Mind your language

Does it matter if Priti Patel drops her Gs?

3 July 2021

9:00 AM

3 July 2021

9:00 AM

In 1923 in Whose Body? we were introduced to Lord Peter Wimsey on his way to an auction where he hoped to buy a Caxton folio from 1489 of The Four Sons of Aymon. But he had forgotten his catalogue, so said to the cab driver: ‘D’you mind puttin’ back to where we came from?’

Lord Peter drops his g’s, as people say, in the manner of the huntin’, shootin’ and fishin’ aristocracy. I’m not sure who first put that triad of gerunds together and would be grateful for early citations. But that archaic mannerism is unwelcome to some viewers from the lips of Beth Rigby of Sky News.

‘I know some of you simply hate my g-dropping accent,’ she remarked on Facebook. ‘As I’ve said it’s in no way intentional, it’s just how I talk.’ I don’t mind, but I’m puzzled by its origin. Miss Rigby went to a Buckinghamshire grammar school and her mother was a headmistress. Perhaps she hunted or fished.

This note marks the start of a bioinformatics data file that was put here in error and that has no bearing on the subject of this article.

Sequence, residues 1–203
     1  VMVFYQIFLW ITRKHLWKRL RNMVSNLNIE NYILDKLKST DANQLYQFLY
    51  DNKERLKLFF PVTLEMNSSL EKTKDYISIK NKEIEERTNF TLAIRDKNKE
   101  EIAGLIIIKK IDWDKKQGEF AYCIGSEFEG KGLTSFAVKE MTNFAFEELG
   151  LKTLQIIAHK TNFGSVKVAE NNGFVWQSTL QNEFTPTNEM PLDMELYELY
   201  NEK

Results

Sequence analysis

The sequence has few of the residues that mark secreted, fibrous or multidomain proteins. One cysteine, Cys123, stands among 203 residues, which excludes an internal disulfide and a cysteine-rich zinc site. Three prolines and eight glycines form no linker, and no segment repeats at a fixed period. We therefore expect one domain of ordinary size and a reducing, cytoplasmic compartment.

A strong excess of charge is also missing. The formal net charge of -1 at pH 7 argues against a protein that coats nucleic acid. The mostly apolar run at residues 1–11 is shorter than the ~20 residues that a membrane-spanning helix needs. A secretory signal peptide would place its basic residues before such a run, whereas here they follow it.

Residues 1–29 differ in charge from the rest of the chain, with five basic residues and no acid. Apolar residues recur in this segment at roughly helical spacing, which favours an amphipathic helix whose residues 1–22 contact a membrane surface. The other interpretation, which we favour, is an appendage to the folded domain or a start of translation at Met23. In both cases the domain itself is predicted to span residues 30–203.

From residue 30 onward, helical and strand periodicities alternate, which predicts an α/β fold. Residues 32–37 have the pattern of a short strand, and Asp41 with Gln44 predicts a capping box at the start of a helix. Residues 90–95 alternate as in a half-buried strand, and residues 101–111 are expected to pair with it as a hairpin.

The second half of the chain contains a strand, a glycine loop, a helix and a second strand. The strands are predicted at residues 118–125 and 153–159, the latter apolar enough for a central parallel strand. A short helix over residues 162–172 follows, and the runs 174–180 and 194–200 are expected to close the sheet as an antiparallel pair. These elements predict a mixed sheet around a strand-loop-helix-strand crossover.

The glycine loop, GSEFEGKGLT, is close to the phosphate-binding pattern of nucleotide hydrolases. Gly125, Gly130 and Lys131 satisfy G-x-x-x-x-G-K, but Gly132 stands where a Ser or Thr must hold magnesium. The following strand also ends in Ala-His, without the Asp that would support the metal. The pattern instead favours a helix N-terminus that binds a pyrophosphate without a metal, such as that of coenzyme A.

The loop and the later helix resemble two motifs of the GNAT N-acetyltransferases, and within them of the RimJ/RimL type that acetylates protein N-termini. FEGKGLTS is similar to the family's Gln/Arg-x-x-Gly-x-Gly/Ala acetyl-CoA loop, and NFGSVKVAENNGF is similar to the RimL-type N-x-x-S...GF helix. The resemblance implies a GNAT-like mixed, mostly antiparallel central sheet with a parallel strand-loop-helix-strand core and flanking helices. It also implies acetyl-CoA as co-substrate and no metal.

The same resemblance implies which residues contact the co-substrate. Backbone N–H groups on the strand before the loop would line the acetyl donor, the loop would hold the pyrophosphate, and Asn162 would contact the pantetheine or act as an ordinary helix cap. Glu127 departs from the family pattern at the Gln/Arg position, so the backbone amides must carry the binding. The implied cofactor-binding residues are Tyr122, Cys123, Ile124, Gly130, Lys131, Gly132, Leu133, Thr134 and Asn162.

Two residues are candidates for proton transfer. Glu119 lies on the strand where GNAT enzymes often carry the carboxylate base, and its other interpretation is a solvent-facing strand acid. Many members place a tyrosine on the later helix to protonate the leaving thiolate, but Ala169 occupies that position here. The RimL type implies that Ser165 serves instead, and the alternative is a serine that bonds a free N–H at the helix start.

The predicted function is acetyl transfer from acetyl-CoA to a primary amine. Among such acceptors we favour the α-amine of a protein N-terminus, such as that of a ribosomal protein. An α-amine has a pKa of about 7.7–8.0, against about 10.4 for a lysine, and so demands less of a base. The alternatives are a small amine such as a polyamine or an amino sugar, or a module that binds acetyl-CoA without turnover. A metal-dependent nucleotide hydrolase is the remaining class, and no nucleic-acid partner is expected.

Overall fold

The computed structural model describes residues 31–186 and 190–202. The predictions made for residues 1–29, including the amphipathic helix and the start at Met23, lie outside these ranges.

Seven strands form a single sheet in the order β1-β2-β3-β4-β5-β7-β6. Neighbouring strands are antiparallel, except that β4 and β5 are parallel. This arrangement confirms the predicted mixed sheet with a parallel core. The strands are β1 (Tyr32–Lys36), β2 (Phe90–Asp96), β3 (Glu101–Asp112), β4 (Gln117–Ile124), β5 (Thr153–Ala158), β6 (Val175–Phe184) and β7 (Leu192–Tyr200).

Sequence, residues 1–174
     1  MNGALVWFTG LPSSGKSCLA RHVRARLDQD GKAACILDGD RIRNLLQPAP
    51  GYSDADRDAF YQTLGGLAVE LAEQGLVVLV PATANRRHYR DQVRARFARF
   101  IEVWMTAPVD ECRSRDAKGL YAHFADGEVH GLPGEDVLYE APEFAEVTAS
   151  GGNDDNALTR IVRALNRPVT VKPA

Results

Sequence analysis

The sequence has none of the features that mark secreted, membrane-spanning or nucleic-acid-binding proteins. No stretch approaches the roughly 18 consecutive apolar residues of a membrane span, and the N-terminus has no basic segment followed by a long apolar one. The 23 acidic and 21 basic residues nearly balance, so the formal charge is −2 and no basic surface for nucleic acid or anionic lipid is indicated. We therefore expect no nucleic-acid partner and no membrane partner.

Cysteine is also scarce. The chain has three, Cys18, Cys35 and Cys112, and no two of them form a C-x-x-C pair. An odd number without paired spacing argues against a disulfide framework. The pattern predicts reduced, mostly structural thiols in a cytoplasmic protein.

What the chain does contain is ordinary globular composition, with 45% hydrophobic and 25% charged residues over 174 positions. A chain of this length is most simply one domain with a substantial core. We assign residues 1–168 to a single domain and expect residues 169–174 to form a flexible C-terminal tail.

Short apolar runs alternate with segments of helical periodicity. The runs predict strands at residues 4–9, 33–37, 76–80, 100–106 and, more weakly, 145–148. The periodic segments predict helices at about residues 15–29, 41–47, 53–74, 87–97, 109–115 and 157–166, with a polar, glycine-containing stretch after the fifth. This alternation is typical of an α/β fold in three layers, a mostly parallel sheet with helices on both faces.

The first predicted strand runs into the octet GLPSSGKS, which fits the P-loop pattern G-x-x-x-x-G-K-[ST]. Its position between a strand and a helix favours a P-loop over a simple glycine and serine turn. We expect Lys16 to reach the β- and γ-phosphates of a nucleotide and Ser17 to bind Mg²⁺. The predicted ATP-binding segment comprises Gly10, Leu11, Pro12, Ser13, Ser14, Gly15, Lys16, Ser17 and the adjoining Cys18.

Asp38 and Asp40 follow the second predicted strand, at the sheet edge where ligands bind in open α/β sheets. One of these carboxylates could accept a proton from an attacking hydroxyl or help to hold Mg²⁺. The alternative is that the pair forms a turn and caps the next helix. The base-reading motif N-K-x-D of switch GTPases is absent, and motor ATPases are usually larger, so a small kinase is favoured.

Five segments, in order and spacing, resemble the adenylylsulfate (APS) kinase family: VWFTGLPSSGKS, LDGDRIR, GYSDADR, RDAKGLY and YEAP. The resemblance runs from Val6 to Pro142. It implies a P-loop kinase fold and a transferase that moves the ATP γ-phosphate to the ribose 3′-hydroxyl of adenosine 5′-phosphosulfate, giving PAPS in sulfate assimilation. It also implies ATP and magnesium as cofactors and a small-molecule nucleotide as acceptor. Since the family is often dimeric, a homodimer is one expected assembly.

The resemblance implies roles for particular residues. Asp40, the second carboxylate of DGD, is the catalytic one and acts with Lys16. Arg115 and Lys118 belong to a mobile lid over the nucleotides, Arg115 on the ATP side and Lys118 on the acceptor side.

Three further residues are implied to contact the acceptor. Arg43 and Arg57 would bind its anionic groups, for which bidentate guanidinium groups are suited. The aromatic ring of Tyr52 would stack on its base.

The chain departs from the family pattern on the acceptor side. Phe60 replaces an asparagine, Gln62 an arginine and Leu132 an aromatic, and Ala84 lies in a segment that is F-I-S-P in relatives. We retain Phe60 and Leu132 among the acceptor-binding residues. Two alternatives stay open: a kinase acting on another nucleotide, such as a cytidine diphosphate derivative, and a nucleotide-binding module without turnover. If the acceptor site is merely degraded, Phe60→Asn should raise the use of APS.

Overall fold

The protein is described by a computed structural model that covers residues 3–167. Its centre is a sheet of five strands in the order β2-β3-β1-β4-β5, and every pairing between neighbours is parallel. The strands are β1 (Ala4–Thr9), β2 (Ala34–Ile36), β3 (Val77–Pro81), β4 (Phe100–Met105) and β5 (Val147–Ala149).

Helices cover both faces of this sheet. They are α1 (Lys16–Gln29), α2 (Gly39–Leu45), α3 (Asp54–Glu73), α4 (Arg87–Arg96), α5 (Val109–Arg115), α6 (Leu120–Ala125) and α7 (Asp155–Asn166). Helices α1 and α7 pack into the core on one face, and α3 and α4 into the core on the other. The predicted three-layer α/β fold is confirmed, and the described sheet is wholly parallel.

Others are irritated by Priti Patel doing the same thing. ‘Priti Patel made me want to smash the radio,’ exclaimed someone on Mumsnet, admittedly no downy nest of tolerance. It was suggested to me that it derived from her Ugandan-Indian heritage, but I doubt that. Her grammar school was in Watford, but that is no help.

A C. Gimson’s Pronunciation of English explains the history of the velar nasal sound -ng-. Common in the 16th and 17th century, it became fashionable in the 18th and was then retained as an archaic form of received pronunciation. Meanwhile, in the north-west Midlands, an older pronunciation survives in which the -g is fully realised: singG-ingG. In Cockney a -k may terminate compound words ending in -thing: somethink, nothink. But thing alone ends either in the standard nasal -ng or the curtailed -n.

An opinion survey that the papers lapped up last week purported to discover that pacifically for specifically was our most hated mispronunciation, though it seems more of a Malapropism to me. The survey was uselessly unscientific. The BBC’s top ten complaints about pronunciation are aitch, Clostridium difficile, controversy, Davos, debris, harass, kilometre, Kuwait, New Orleans and schedule. If -ing were a word, it would be well up there.

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